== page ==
The plan for Saturday Feb 20th was to climb Ben Nevis. I had decided to climb No3 gully and continue to Carn Mor Dearg via the CMD arrete. I emerged after breakfast to another stunning day. Off to the bus stop to get a bus to the Nevis distillery where the trail begins. There didn't seem to be a Saturday service so I set off to walk the 4K to the trailhead. I hadn't gone far when I was passed by the very bus I was looking for. So after a long walk I was eventually making progress on the track towards the CIC hut. The Ben was looking magnificent. The extensive cliffs covered in snow and fat ice falls everywhere in evidence. as was to be expected there were lots of parties about. Climbers could be seen on Tower Ridge and not far from the hut two magnificent icefalls were seeing some action. Suitably booted and suited I headed on up to Coire na Ciste. This amphitheatre offers stunning scenery in every direction. The variety of climbs that can be undertaken from here is bewildering. It's easy to see why climbers come from far and wide to scale this great mountain.
No 3 gully is a straight forward grade 1 snow climb. There was a lot of deep soft snow, but previous traffic made going fairly easy. when I reached the gully proper I found that I was the first to venture in since the snowfall so once again I had to break trail. I was a bit concerned about avalanche but the surface was just powder and hadn't formed a slab that might go in unison. The gradient is about 45 degrees until you reach the exit. This can vary considerably and this time the left exit was the easier but was still about 20mtrs of 60degree slope. This was unfortunately crusty with crud underneath and didn't inspire great confidence. I wouldn't have minded a my second axe and I was happy when I emerged onto the plateau. The top of Ben Nevis can be a savage place but today it was a benign paradise. The roof of Britain on this day offered uninterrupted views in all directions. The view down Tower Ridge was beautiful and I wished I had been on it. After a bite to eat at the summit(1334mtrs) I headed on down the slope to the CMD arret. In these conditions was a joy and was like an easy alpine route. Quite busy as you would expect but everyone was in a good mood on this glorious day. Carn Mor Dearg(1220mtrs) soon passed and the easy slopes made for a quick descent. This time I got the bus back to town at the end of another memorable day.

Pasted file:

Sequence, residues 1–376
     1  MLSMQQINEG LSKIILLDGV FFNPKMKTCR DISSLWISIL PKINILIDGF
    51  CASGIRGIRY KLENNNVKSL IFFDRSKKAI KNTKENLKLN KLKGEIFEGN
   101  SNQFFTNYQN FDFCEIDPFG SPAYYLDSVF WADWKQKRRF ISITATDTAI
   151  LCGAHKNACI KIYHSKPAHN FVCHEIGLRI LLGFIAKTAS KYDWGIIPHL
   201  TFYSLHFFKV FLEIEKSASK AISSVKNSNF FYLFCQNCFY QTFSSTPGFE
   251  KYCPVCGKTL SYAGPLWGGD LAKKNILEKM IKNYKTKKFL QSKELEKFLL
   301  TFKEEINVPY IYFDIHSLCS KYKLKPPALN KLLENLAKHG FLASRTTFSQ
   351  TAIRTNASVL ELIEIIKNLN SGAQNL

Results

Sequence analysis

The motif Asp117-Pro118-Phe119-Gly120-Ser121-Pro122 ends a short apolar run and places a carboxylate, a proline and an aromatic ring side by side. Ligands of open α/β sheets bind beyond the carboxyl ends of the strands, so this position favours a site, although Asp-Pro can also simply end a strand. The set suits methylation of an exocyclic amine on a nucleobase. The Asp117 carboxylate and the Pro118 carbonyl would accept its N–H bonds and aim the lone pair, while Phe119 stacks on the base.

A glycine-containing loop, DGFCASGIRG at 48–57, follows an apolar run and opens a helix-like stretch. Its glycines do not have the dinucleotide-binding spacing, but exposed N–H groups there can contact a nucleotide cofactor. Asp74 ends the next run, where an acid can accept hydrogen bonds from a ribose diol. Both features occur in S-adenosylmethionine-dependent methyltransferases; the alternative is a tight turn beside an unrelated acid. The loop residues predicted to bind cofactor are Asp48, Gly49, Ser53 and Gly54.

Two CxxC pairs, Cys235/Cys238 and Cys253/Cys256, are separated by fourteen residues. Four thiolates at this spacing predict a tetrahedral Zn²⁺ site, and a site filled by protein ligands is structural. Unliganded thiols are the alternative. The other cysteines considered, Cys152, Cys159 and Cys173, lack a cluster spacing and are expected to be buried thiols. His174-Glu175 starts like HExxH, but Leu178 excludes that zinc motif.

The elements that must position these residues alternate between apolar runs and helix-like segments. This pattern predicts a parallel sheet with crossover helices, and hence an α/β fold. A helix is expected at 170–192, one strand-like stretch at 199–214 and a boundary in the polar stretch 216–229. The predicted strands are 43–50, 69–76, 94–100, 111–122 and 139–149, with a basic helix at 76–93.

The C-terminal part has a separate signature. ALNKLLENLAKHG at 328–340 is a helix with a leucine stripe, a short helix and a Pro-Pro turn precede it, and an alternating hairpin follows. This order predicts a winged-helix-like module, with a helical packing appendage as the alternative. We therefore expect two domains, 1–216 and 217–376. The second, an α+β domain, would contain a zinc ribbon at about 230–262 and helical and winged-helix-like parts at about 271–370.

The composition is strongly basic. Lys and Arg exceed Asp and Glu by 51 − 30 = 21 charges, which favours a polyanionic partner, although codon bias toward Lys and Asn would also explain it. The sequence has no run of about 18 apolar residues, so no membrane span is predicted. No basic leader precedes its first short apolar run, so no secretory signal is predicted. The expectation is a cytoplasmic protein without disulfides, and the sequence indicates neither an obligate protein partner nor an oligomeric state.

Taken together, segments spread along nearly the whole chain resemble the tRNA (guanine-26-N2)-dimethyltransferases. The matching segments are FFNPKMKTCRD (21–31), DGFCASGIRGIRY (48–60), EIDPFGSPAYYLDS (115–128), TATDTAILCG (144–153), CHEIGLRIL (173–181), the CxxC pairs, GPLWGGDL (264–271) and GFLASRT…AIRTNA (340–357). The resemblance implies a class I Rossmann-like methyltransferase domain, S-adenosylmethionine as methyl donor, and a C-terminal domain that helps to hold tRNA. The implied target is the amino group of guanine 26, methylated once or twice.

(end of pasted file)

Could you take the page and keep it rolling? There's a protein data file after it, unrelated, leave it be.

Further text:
|Cliffs on Stob Ban the Mamores|
My final day on the mountains I had planned to do Sgurr a Mhaim and the Devils Ridge to Mullach nan Coirean in a neat horseshoe walk from the lower falls in Glen Nevis. However after a leisurely start when I was on the trail I discovered I had forgotten my crampons. This ruled out the Devils Ridge so I opted instead to go in the valley under Stob Ban(999mtrs) to a bealach and climb Stob Ban and then continue with the horseshoe from there. The going was easy and height was gradually gained. The route up Stob Ban was like the steps of a stairs and the loss of crampons was no disadvantage. Yet again the day was stunning. The gentle ridge to Mullach nan Coirean(939mtrs) soon passed. I enjoyed a leisurely lunch and reflected on what was a great week. The gentle ridge back to the glen was a joy and the trusty thumb worked again and I was back in town in good time. So ended a wonderful trip on the mountains. One final treat lay in store. The train journey the following morning to Glasgow was stupendous and must be described as one of the most beautiful in the world. Do it if you can.
Until the next time.